7. Is your meter number correct?
If the meter number printed on your energy bill doesn’t match the meter number at your residence, you may have been incorrectly charged. Therefore, you will need to notify your energy retailer’s customer support service during their operating hours. If you have a smart meter your energy bill won’t have a meter number, so again you will need to call up your provider’s customer care to confirm your meter number.
8. Did energy prices go up?
Your inflated energy bill could be the result of an increase in the electricity or gas tariff during the billing cycle. Luckily if you live in Victoria, New South Wales, South Australia and some parts of Queensland, you can easily switch to a plan with more competitive energy prices for your household or opt for a plan with a fixed rate to safeguard yourself against any future rises in energy prices.
9. Was there a change in your billing period?
Often the number of days in a billing period differs between bills. If you have a higher than usual energy bill it might just mean that there have been more days in the current billing period than the previous one. To make sure, you should compare the dates on your previous energy bill to your current energy bill.
10. Is your energy reading correct?
If you have access to your electricity or gas meter, it’s worth comparing the current reading printed on your bill to the reading on your meter.
11. Have you been back-billed?
If you have been back-billed by your energy retailer, your energy bill is sure to be higher because you’ll be required to pay for the energy you’ve used in the current billing period plus any outstanding costs you owe. You could be back-billed by your energy provider if you were previously undercharged for your energy usage, if there was delay in issuing your bill or if you have not paid a previous bill in full. There are time limits for how long you can be back-billed if your energy retailer is at fault, for instance, in some states it could be up to 9 months.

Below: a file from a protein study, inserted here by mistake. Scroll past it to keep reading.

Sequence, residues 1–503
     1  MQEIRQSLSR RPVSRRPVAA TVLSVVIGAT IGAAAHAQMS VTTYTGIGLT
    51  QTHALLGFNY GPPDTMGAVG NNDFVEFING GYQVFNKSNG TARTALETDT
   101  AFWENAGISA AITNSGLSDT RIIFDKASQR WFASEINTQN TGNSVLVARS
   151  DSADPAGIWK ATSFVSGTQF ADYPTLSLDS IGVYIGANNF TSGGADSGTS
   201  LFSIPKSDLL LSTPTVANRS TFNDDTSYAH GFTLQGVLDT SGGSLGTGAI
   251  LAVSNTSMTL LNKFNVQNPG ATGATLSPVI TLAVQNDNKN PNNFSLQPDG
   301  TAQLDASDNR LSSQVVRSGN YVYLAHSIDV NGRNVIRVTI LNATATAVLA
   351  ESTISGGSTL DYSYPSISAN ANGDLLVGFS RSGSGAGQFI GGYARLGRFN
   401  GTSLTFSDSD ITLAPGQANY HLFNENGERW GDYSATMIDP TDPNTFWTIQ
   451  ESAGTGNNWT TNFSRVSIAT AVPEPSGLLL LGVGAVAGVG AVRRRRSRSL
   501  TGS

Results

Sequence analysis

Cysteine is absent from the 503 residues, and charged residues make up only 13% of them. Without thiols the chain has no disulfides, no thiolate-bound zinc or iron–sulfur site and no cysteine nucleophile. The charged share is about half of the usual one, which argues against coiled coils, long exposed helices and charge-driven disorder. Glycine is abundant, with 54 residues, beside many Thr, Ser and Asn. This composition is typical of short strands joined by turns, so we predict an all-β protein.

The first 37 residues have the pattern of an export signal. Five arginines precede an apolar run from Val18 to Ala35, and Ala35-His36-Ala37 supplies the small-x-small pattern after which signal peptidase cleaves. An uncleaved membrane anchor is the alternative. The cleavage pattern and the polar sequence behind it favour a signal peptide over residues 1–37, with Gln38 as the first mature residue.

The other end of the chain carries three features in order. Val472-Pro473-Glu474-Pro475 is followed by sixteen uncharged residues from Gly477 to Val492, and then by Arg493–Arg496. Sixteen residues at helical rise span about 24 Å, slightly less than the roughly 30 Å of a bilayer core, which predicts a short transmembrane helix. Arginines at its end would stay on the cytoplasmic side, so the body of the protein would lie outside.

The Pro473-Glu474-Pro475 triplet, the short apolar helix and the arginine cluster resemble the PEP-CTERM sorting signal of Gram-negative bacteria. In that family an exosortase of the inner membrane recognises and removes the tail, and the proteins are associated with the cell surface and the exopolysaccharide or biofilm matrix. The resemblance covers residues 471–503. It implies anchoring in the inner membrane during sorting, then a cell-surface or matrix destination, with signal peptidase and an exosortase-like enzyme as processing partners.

12. Has your meter been changed?
You may notice a variation in the amount of energy recorded on your bill if your meter has been recently changed. It may be a possibility that your previous meter was faulty and recorded your energy consumption incorrectly.
13. Is it an estimated bill?
If your energy retailer can’t access your natural gas or electricity meter, they will give you an estimated meter reading. This estimate may be based on your energy usage from the corresponding period last year or your previous billing period. If your current bill is an estimated reading and your previous bill was based on an actual reading, you may notice a variation.
When your energy retailer gets a proper reading of your meter, depending on your real energy usage, you may have to pay additional charges on your next bill if you used more energy than was estimated. Or if you used less energy than was estimated, you will be credited with the difference.
14. Have your discounts been applied?
Perhaps the discounts offered with the energy plan you have signed up to have now expired. In this instance, if you’re not on a fixed contract you can easily connect with another electricity or gas retailer that offers plans with tariffs and discounts more suited to your household and bill payment habits.
On the other hand, you may not have been eligible for a discount during this particular billing cycle, for instance, if you didn’t pay your bill on time.
15. Has your concession/rebate been applied?
It might be that the concession or rebate you are eligible for hasn’t been applied by your energy retailer to your bill. So if you have an eligible concession card, it’s a good idea to check if your details have been correctly registered with your energy provider by calling up its customer support service. You may even be able to check your details yourself if you have an online account.
Ready to switch your energy plan and start saving? Head over to our energy comparison tool to compare some of the available plans in your area.